Friday, May 15, 2009

How to Weave In Ends

When you were learning to knit, you may have been told that you should never, ever tie a knot in your knitting. "But why?" you may have asked yourself. "By what other possible means will I begin a new strand of yarn? How will I ensure that it doesn't unravel and make me look foolish as I show it off to my knitting circle?" The reason behind the rule is that as your work is washed, blocked, and worn, knots make stiff nobbly bits in the otherwise uniform drape of your knitting.

You may also have wondered what to do with the tail ends of yarn hanging off the cast-on and bind-off rows. Here's what to do:

(1) When you begin and end your work, and when you add new yarn, make sure that the tails are about 6 inches long. Get yourself a yarn needle (also called a tapestry needle or a blunt needle) and thread the tail through it.
(2) You're going to make that tail invisible by actually following a row of stitches, weaving the yarn into the stitches in the rows above and below. (You're weaving in on the wrong side of the fabric - usually the bumpy purl side.) Have you ever looked closely at the stitch structure? It looks like this: Starting from the right, angle your needle so that it goes up through the bottom-row stitch and then up through the upper-row stitch to its right. Next, go down through the next stitch (the upper-row stitch to its left) and down through the bottom-row stitch to the right (the same one you started on). Go up through the bottom-row stitch to its left . . . and so on.

(3)Way to go, knitter! Now you've gained an understanding of stitch structure and made yourself a really professional-looking project. Give yourself a high-five!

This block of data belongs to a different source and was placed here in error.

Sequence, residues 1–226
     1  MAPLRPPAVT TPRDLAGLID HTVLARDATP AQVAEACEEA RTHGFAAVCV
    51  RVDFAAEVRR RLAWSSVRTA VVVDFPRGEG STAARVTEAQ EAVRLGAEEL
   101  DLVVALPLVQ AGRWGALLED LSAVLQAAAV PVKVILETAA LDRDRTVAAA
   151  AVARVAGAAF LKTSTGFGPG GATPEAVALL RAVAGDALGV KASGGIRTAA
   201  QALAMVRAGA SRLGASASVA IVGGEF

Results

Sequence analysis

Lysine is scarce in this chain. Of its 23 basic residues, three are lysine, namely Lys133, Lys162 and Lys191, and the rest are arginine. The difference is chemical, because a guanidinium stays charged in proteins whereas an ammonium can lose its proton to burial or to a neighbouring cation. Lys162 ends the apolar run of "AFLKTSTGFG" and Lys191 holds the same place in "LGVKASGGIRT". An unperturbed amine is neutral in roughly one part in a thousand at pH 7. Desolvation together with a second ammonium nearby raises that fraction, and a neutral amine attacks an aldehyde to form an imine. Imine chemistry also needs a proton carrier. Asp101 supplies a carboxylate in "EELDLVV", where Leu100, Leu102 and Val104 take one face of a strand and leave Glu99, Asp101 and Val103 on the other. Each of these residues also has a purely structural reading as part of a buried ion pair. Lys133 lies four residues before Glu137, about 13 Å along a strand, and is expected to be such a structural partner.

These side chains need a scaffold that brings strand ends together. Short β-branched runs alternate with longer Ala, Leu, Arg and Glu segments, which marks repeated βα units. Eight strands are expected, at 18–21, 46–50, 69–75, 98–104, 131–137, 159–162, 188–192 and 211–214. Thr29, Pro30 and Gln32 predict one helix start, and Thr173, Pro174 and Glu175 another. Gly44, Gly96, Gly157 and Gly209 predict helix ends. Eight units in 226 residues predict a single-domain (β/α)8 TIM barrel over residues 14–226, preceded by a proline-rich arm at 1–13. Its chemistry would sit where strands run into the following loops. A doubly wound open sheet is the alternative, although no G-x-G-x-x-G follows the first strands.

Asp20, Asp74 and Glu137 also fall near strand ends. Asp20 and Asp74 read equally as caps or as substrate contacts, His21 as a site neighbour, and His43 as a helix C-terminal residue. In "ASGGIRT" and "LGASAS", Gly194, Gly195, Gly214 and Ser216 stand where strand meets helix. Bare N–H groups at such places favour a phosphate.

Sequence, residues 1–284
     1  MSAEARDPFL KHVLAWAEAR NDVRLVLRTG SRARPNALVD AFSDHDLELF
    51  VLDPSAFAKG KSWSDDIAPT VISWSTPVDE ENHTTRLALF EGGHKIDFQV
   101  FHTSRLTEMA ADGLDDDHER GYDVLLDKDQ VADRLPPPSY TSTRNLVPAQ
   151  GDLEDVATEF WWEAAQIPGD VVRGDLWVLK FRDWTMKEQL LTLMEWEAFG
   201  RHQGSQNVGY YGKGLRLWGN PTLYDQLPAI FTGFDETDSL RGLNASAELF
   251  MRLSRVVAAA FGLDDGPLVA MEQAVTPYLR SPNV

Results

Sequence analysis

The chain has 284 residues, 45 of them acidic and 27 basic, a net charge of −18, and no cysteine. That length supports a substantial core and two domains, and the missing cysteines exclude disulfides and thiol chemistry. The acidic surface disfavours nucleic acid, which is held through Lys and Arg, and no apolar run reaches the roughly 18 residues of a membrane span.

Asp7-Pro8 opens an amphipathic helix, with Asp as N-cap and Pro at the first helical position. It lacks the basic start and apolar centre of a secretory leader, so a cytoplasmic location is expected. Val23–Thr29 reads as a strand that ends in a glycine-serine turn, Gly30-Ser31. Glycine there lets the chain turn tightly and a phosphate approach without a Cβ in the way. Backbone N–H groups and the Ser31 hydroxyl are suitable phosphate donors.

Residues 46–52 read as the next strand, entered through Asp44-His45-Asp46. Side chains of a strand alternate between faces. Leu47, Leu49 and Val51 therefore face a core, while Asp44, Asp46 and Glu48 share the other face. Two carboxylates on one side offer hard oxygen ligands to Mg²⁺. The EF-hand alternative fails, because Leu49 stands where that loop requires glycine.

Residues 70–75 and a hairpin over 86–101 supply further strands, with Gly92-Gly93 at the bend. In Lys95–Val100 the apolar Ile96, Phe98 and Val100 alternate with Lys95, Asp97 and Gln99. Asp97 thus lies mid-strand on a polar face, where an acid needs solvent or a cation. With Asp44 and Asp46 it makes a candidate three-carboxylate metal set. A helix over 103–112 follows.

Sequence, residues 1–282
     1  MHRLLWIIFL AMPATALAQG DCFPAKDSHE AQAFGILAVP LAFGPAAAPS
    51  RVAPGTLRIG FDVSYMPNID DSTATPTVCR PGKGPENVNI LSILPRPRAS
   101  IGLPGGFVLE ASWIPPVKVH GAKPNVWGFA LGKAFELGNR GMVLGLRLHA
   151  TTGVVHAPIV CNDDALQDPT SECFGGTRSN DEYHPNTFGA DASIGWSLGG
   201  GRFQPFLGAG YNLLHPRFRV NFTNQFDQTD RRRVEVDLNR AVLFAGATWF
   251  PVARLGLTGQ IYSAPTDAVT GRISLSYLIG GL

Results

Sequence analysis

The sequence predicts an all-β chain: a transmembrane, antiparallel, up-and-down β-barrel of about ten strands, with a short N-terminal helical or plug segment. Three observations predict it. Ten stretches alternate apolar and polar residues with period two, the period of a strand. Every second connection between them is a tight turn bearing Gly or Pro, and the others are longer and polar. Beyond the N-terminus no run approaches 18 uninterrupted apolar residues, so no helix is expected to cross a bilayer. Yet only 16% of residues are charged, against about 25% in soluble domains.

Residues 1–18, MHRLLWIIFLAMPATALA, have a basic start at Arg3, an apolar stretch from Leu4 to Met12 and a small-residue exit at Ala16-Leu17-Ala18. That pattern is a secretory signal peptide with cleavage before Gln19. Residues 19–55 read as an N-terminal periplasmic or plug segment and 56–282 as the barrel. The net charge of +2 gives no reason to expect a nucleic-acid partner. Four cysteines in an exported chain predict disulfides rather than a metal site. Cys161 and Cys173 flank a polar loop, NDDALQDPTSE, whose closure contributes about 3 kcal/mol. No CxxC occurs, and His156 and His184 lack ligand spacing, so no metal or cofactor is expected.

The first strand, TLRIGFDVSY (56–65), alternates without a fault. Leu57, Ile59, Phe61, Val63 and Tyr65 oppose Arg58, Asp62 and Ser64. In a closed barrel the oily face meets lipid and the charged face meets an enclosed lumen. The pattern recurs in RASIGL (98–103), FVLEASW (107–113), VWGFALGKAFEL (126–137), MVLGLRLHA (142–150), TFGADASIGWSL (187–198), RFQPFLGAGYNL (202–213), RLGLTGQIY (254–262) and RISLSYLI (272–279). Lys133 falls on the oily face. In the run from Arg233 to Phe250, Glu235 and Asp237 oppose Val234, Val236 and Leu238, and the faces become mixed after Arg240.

Knittah said...

But is there a way to weave in ends as I go, without resorting to a tapestry needle?

knithappy said...

There is indeed a method to weave in ends as you go, but it won't work for every project. It's simply to hold the tail together with the working yarn and knit them as one. Because this doubles the yarn, it makes your stitches larger, which works fine for a garter stitch scarf, but not so well in a lace panel, or a cardigan front with a very specific gauge. (When you weave in the ends with a tapestry needle, the tail yarn sits behind the working yarn - not next to it - and therefore doesn't affect gauge.) Another disadvantage to this method is that the ends are hidden, which makes it difficult to undo your work, should you need to rip back.
Let us know if you have other questions. Happy knitting!

Courtney Kelley said...

There is a way, and it's what I do. Here's a good tutorial:
You can also do the same thing on the purl side, which isn't shown. You can only do it when working stockinette, or you'll end up with floats on the wrong side. Essentially, purlwise you work it the same way, but with both the working yarn and the end facing you. You wrap the "wrong" yarn (ie, the end) the wrong way around the needle, wrap the "right" yarn (ie, the yarn you are wanting to knit with) the correct way around the needle, unwrap the end over the top of the needle (which is now tacked down to the fabric by the working yarn) and complete the stitch.

Melanie said...

Thank you for your explanation! I was trying to figure out how to tuck the ends as I went, and found it confusing since I'm purling. Finally got it figured out after reading your detailed explanation. Thanks for taking the time to explain!!